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United States v. Rivera-Niebla

United States District Court, D. Columbia.

April 24, 2014

UNITED STATES OF AMERICA,
v.
MANUEL RIVERA-NIEBLA, Defendant

MANUEL RIVERA-NIEBLA, also known as EL CHARRO, also known as MANUEL CORONEL, also known as GATEADO (1:06-cr-00007-JDB All Defendants), Defendant, Pro se, TAFT, CA.

For MANUEL RIVERA-NIEBLA, also known as EL CHARRO, also known as MANUEL CORONEL, also known as GATEADO (1:06-cr-00007-JDB All Defendants), Defendant: Manuel J. Retureta, LEAD ATTORNEY, RETURETA & WASSEM, P.L.L.C., Arlington, VA; Richard Keith Gilbert, LEAD ATTORNEY, LAW OFFICES OF RICHARD KEITH GILBERT, Washington, DC; Jeffrey P. Manciagli, PRO HAC VICE, Atlanta, GA.

For USA (1:06-cr-00007-JDB All Defendants), Plaintiff: Adrienne Rose, Michael Nicholas Lang, LEAD ATTORNEYS, UNITED STATES DEPARTMENT OF JUSTICE, Criminal Division, Narcotic and Dangerous Drug Section, Washington, DC; Joseph Hong Huynh, Wendy L. Pohlhaus, LEAD ATTORNEYS, UNITED STATES DEPARTMENT OF JUSTICE, Narcotic and Dangerous Drug Section, Washington, DC.

MANUEL RIVERA-NIEBLA (1:13-cv-00744-JDB), Petitioner, Pro se, TAFT, CA.

Page 375

MEMORANDUM OPINION

JOHN D. BATES, United States District Judge.

Before the Court is petitioner Manuel Rivera-Niebla's motion to vacate, set aside, or correct his sentence pursuant to 28 U.S.C. § 2255. For the reasons set forth below, the Court will deny the motion.

BACKGROUND

In 1994, Rivera-Niebla was convicted in the Southern District of Florida for three drug-related offenses, and sentenced to a total of 135 months of imprisonment and eight years of supervised release. See United States v. Rivera-Niebla, No. 89-309 (S.D. Fl. 1994). An alien, he was released from custody and deported in 2000. Def.'s Mot. to Vacate [ECF No. 59] (" Def.'s Mot." ) 3b. Six years later, a grand jury handed down an indictment in Washington, D.C., charging him with two drug-related offenses. Indictment [ECF No. 2] (" Indictment" ). He was then arrested in Colombia, and in 2008, he was extradited to the United States. Docket Entry of Jan. 7, 2008, Arrest of Manuel Rivera-Niebla. Following Rivera-Niebla's plea of guilty to one of the counts in the indictment--conspiring to import and distribute cocaine--this Court sentenced him in 2012 to 132 months of imprisonment, with credit for time served since his arrest. See July 31, 2012 Judgment [ECF No. 53].

Both the indictment and the statement of facts accompanying Rivera-Niebla's guilty plea indicated that the conduct to which he was pleading guilty occurred in 2002 and 2003. See Indictment at 2, 4; Statement of Facts [ECF No. 14] 2-4. Because he was under supervised release for his Florida sentence when that conduct occurred, the Court added two points to his criminal history, which bumped his criminal history category from II to III. See U.S.S.G. § 4A1.1(d). Rivera-Niebla, proceeding pro se, has now moved to vacate, set aside, or correct his sentence under section 2255, arguing that his counsel was constitutionally deficient for not objecting to the Court's sentencing calculations and for not moving to dismiss the indictment for improper venue.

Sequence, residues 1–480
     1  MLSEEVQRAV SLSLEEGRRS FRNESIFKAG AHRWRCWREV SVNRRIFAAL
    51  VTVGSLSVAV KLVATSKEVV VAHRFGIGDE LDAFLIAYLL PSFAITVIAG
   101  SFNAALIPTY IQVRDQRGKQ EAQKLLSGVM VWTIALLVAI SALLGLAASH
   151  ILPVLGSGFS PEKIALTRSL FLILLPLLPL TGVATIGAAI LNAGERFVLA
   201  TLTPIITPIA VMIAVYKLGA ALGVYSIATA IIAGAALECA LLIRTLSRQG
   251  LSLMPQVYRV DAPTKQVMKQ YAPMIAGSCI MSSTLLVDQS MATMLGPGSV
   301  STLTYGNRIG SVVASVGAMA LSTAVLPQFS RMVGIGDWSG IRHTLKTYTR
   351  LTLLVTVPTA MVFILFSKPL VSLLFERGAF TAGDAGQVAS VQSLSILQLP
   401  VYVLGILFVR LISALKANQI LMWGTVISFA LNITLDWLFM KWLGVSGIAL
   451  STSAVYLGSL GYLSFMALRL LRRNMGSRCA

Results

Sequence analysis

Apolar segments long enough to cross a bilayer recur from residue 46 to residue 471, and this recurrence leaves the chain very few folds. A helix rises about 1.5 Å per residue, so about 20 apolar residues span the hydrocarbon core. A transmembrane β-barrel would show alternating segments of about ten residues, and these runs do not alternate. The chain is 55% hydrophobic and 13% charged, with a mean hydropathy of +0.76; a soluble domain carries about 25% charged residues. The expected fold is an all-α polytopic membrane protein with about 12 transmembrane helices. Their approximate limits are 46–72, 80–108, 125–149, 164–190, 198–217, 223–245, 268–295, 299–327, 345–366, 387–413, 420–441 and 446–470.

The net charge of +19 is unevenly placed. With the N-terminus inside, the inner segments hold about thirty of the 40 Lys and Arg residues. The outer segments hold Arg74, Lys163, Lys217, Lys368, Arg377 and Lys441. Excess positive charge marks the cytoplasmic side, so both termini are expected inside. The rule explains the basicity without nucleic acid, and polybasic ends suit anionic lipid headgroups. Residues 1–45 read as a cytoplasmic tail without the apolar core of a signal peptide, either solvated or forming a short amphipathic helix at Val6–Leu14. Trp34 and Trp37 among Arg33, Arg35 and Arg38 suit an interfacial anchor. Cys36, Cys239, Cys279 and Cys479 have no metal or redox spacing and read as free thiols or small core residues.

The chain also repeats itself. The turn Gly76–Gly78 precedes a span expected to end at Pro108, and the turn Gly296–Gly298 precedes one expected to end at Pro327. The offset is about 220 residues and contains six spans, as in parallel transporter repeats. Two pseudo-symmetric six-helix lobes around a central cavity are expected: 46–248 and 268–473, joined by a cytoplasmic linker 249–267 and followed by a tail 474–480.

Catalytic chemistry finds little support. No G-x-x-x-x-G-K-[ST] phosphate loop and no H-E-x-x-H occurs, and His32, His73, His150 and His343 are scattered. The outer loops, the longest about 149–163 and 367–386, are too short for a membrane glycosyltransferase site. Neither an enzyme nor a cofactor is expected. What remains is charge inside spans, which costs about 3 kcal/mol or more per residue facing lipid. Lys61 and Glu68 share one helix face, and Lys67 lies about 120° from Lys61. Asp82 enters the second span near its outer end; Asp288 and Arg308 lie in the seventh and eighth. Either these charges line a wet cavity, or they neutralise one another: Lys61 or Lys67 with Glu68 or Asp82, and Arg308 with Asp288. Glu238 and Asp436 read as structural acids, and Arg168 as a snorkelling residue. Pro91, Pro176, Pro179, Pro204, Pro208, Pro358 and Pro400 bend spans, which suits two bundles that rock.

STANDARD OF REVIEW

Under section 2255, a prisoner in custody under sentence of a federal court

Page 376

may move the sentencing court to vacate, set aside, or correct its sentence if the prisoner believes that " the sentence was imposed in violation of the Constitution or laws of the United States, or that the court was without jurisdiction to impose such sentence, or that the sentence was in excess of the maximum authorized by law, or is otherwise subject to collateral attack." 28 U.S.C. § 2255(a). Such a motion will be granted only in limited circumstances because of the premium placed on the finality of judgments and because of the opportunities prisoners have to raise most of their objections during trial or on direct appeal. See United States v. Frady, 456 U.S. 152, 164, 102 S.Ct. 1584, 71 L.Ed.2d 816 (1982) (" Once the defendant's chance to appeal has been waived or exhausted, . . . we are entitled to presume he stands fairly and finally convicted, especially when . . . he already has had a fair opportunity to present his federal claims to a federal forum." ). " [T]o obtain collateral relief a prisoner must clear a significantly higher hurdle than would exist on direct appeal." Id. at 166. The defendant bears the burden of proving his claims by a preponderance of the evidence. United States v. Simpson, 475 F.2d 934, 935, 154 U.S.App.D.C. 350 (D.C. Cir. 1973).

Even so, " unless the motion and the files and records of the case conclusively show that the prisoner is entitled to no relief, the court shall . . . grant a prompt hearing thereon, determine the issues, and make findings of fact and conclusions of law with respect thereto." § 2255(b). But a district court need not conduct an evidentiary hearing before denying a section 2255 motion when " the motion and files and records of the case conclusively show that the prisoner is entitled to no relief." Id.; accord United States v. Morrison, 98 F.3d 619, 625, 321 U.S.App.D.C. 170 (D.C. Cir. 1996). " If it plainly appears from the face of the motion and any annexed exhibits and the prior proceedings in the case that the movant is not ...


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